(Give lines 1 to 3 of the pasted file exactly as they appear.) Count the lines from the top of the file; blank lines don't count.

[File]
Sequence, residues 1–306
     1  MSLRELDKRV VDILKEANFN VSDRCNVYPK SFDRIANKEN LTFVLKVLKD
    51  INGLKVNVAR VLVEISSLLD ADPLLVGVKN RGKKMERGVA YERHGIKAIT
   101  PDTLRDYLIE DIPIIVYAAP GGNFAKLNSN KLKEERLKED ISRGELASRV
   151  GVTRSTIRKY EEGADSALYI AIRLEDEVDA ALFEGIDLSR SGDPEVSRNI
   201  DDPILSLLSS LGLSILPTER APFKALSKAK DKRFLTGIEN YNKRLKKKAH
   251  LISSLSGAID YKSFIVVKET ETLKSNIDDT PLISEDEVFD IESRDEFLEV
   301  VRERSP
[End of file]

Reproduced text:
Sequence, residues 1–306
     1  MSLRELDKRV VDILKEANFN VSDRCNVYPK SFDRIANKEN LTFVLKVLKD
    51  INGLKVNVAR VLVEISSLLD ADPLLVGVKN RGKKMERGVA YERHGIKAIT